Over 2,000 Indonesians in Taiwan are known to have married locals in the past few years, Dr Andrew Nien-Dzu Yang, secretary of the Chinese Council of Advanced Policy Studies, said here on Thursday.

The figure was still small compared to the number of marriages between Taiwanese and Chinese as well as Thai, he said in a lecture to participants of a workshop on development of Taiwan’s media.

"We don’t have any problem with Indonesian spouses. Many of them are Indonesians of Chinese descente," Yang said.

He said over the past two decades Taiwan had experienced an assimilation boom composed largely of spouses from mainland China and Southeast Asian countries like Vietnam, Indonesia. These new immigrants, more than 90 percent of whom are female, numbered more than 399,000 at the end of 2007, making them the fifth largest demographic group in Taiwan.

To help these immigrants assimilate, the government plans to spend NT$3 billion (USD91.4 million) in ten years following 2005 to support council services, educational programs and other schemes designed for foreign spouses.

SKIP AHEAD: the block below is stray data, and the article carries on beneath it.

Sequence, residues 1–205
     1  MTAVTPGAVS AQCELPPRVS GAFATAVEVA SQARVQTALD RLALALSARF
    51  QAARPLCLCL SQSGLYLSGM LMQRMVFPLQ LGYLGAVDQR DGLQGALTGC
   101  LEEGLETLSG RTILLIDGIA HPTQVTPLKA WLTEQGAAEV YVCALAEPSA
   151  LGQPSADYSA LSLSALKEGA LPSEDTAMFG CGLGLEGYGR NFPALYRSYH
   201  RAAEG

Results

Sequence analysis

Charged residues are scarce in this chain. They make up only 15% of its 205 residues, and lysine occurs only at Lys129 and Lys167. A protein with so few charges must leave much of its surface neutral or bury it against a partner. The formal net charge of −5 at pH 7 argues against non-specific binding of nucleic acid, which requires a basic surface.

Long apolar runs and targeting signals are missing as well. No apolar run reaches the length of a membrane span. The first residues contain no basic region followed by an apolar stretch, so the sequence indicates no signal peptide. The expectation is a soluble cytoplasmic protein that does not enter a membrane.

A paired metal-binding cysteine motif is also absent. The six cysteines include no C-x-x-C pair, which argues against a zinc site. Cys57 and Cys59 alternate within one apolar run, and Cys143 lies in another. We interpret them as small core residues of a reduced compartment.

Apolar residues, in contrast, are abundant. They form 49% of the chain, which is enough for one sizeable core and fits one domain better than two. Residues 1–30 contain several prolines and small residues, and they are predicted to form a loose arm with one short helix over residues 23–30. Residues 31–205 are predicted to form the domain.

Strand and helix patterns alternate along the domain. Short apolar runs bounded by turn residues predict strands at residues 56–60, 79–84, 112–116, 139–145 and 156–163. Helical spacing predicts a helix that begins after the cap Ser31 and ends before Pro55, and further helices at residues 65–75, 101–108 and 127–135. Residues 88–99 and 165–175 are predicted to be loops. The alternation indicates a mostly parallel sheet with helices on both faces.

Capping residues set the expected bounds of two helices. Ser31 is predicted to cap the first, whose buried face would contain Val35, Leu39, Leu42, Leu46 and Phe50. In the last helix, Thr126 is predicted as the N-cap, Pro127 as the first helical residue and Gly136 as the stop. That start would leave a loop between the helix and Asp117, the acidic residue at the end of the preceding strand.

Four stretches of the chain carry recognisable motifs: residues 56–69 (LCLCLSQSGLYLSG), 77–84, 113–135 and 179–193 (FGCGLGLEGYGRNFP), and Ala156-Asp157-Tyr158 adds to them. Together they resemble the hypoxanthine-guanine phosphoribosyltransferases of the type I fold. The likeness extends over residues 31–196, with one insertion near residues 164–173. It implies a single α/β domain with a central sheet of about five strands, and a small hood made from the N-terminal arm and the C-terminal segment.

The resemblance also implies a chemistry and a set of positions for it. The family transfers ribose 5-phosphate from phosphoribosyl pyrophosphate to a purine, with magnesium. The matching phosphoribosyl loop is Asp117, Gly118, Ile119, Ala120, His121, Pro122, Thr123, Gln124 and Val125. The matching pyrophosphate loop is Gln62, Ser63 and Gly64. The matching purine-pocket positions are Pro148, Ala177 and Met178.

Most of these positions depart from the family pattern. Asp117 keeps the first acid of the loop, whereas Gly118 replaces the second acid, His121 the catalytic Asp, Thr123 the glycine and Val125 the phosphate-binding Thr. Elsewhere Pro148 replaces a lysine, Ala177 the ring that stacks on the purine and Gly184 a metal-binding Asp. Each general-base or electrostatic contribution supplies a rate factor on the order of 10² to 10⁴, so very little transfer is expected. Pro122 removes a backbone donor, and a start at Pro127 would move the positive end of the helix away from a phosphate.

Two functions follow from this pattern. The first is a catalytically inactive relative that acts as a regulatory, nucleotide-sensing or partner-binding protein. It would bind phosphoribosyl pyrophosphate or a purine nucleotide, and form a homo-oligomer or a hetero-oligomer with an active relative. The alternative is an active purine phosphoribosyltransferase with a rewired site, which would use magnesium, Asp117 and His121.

Various government agencies and non governmental organizations have also provided translation services and free language classes for foreign spouses to help them overcome linguistic and cultural difficulties, he said.

Furthermore, the government conducted a program to financially support foreign spouses of middle-and low-income families. Those who have remained jobless for more than 12 weeks are eligible for subsidies of as much as USD472 per month for up to six month. Free vocational training program, in the meantime, are also available to assist them o find employment, he said.


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